Daily Briefing

10 things you need to know today: March 18, 2019

Harold Maass
New Zealand Prime Minister Jacinda Ardern
Hagen Hopkins/Getty Images
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Ethiopian authorities cite 'clear similarities' in 2 crashes

Preliminary data from the flight recorders of the Ethiopian Airlines Boeing 737 Max 8 plane that crashed a week ago, killing 157 people, show "clear similarities" to the deadly crash of a Lion Air 737 Max 8 in October, Ethiopia's transport minister, Dagmawit Moges, said Sunday. Moges did not discuss the similarities. Both planes were new, and crashed shortly after takeoff. Both aircraft flew with erratic altitude changes that could have indicated pilots struggling to control the jets. Thousands of people marched through the Ethiopian capital, Addis Ababa, on Sunday with empty caskets. Authorities have said recovering and identifying the bodies could take months. [CNN]


New Zealand leader promises gun reform after mosque massacres

New Zealand Prime Minister Jacinda Ardern said Monday that she planned to announce gun reforms in response to the Friday mass shootings that killed 50 people at two mosques in the city of Christchurch. "Within 10 days of this horrific act of terrorism we will have announced reforms which will, I believe, make our community safer," Ardern said after her cabinet reached agreement "in principle" on the proposals. "Our gun laws will change," Ardern said. Australian Brenton Tarrant, 28, a suspected white supremacist accused in the attacks, was charged with murder on Saturday. Ardern said he had a gun license and used five guns, including two semi-automatic weapons purchased legally but modified. New Zealand has relaxed gun laws but regulates military-style semi-automatic weapons. [Reuters, CNN]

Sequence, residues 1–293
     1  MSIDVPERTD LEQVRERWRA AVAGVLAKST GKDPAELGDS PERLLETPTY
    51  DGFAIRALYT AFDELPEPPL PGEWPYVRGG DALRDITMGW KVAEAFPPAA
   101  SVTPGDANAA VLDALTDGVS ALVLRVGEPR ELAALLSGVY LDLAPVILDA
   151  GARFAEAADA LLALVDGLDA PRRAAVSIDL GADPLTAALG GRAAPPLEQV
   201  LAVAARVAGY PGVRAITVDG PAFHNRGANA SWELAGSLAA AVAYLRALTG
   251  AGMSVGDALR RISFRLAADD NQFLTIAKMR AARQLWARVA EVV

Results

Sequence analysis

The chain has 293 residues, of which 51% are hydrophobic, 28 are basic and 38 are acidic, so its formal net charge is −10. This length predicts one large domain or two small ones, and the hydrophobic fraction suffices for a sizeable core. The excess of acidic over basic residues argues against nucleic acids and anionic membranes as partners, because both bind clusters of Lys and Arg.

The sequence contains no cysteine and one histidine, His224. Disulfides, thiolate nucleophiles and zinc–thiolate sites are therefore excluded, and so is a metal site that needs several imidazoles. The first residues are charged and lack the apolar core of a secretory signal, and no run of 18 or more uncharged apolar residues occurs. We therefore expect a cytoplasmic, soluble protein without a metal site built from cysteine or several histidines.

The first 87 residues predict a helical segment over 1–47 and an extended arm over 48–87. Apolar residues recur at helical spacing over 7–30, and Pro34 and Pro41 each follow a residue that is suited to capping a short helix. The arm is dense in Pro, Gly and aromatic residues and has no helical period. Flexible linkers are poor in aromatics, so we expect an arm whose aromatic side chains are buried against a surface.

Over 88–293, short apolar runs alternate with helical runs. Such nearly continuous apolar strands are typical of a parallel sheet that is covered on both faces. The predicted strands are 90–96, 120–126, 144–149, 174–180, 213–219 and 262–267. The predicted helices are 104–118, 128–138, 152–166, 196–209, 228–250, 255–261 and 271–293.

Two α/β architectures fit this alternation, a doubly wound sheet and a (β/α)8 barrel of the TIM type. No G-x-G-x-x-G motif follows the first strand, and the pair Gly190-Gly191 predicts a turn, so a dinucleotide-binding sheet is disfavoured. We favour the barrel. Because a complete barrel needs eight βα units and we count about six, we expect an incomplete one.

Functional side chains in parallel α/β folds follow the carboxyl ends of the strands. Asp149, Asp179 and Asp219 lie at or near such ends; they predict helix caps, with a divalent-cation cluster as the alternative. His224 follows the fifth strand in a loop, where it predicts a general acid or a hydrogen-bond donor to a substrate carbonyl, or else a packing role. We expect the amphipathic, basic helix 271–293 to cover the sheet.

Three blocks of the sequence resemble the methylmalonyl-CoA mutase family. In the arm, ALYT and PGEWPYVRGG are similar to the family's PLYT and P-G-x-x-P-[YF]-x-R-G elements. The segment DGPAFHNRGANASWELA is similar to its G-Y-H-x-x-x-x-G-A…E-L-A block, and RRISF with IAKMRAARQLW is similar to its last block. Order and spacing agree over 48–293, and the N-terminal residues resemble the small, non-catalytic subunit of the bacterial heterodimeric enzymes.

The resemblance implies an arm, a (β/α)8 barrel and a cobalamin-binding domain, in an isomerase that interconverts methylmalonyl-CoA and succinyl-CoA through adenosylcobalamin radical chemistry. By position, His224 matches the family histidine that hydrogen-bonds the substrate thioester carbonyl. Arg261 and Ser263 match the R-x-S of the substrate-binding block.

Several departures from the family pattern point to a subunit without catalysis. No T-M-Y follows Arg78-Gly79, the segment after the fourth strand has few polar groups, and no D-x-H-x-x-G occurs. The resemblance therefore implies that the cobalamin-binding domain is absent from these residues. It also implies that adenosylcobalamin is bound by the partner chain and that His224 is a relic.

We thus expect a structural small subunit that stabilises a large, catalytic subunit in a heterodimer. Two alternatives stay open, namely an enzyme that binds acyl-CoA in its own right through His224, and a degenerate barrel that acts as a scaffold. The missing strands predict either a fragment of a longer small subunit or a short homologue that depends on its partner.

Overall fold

People flock to New Zealand memorials to honor mosque massacre victims

Thousands of mourners turned out Sunday to pay tribute at makeshift memorials to the 50 people killed by a gunman who attacked two Christchurch, New Zealand, mosques. People from across the country showed up to leave notes, candles, and balloons outside the Al Noor Mosque and Christchurch's botanic gardens. Relatives continued to wait for authorities to release the victims' bodies two days after the Friday mass shootings. Islamic law calls for cleansing and burying the dead as soon as possible, usually within 24 hours. Authorities said they were conscious of the cultural and religious needs, and were working as fast as possible to verify identities and causes of death so they can release the bodies. [The Associated Press]